The Case for ICT-services

Energy EfficiencyBuildingsNon-residential BuildingsResidential BuildingsThe more insulation you have...Barriers and obstaclesIn-built upgrade potentials

Energy Efficiency

All influential organisations consider energy efficiency (EE) the cheapest and fastest option to limit greenhouse gas (GHG) emissions and global warming. It is not only the cheapest option for society as a whole but but also for stakeholders owning, operating and using buildings.

Energy efficiency in buildings is often synonymous for low-carbon construction, insulation and installing expensive hardware. This view is naive. Modern hardware does not always run smoothly - think of your laptop getting slower with time. Causes can be faulty set-ups, systems colliding or users making mistakes. Resolving these problems without stopping you from using the laptop can only be solved with immanently available information, automation and raising the user’s understanding.

Information and Communication Technologies (ICT) are capable of collecting data from various sources and flexibly provide the necessary paths and advice for a wide range of user types in any kind of building.

Whether deploying an EE service is financially feasible predominantly depends on whether consumption and operational savings outweigh the cost. To answer this question, heating and water should be considered as much as electricity to which smart metering is often reduced to.


Final energy consumption in the EU (2012)[1]


In 2012, the 28 member states of the European Union consumed 1,103,410,100 tons of oil equivalent (TOE). Around 40% are consumed in buildings.


Imagine the Niagara falls for 14 days and 3 hours, but with oil. This resembles the final energy consumption of buildings in the EU.

Investments into insulation and renovation take a long time to pay off. With ICT technology stakeholders can improve operational efficiency as much as EE today.

One immediate benefit of ICT is the detection of on-going wastage. In one example, energy services detected a heating system supplying 250 dwellings re-starting every 10 minutes. In another pilot a subcontractor had bodged the setup of a solar thermal plant reducing output by 30%. Before the projects, these instances had lead to inspections and unnecessary repairs further down the “pipe” which could have been avoided. Even if such “quick wins” are smaller in the majority of buildings, ICT can also help to increase performance at system level, reduce non-technical losses, and for remote reading and switching whilst providing a cheap platform for behavioural changes.

In order for buildings to provide their share in achieving the 20% energy efficiency target by 2020, the renovation rate of public buildings has to reach 3% every year.[2] Over the past years, this rate has not been reached and it is no wonder in times of economic crisis. ICT-enabled services allow payments by contracting future consumption savings and a the services are usually provided by SME. Surely, Energy Management Service (EMS) and Energy Decision Support Service (EDSS) will not achieve immediate savings of 40% but they break even within a few years. Moreover, once the platform has been designed other buildings can be added to the system without much ado.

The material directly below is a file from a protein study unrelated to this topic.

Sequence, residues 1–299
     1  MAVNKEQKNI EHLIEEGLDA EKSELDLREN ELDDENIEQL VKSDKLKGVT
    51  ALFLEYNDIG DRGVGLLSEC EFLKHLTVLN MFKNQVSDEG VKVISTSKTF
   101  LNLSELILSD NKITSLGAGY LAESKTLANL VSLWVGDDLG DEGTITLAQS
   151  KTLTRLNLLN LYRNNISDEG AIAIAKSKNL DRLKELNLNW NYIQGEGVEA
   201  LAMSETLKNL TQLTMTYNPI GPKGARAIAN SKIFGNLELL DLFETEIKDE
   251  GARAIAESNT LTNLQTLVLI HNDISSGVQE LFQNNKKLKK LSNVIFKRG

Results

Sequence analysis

The Guide will differentiate between non-residential (e.g. public) and residential (e.g. social housing) buildings. Whether the user lives in the building or merely uses it has implications on consumption patterns, user attitudes and control as well as (dis)incentives resulting from regulation / law.

Non-residential Buildings

The public sector is to “lead by example” being a key element of today’s national and EU strategies for saving energy, and is mentioned explicitly in the ‘Energy Efficiency Directive’ (EED) adopted by the EU in 2012[3]. Buildings owned and/or managed by the public sector make up around 12% of overall EU building stock and spending of the public sector is 17% of EU GDP; around 40% of the construction turnover is public.[4]


Energy sources in non-residential buildings (EU)[5]

Irrespective of these figures a large share of municipalities have no sufficient policy for reducing operational cost of buildings. No doubt, the portfolio of buildings and resulting requirements are complex. At first sight, offices, schools and sports facilities do not have much in common. Yet they all have obvious usage patterns including off-times. Over the weekend or holidays, however, nobody is in the building able to detect wastage. Without smart-metering additional staff would have to be paid for to ensure optimised operation of buildings.

Another problem is responsibility. Staff does only occupy a small amount of space wishing for the best possible comfort within these boundaries. With or without rules, a compromise is found to make all staff affected as happy as possible. Does your office have a target temperature? With a target temperature there is a certain degree of accountability. Individuals cannot simply complain it to be too cold but many will - so possible - adjust temperature with thermostats, windows and other means.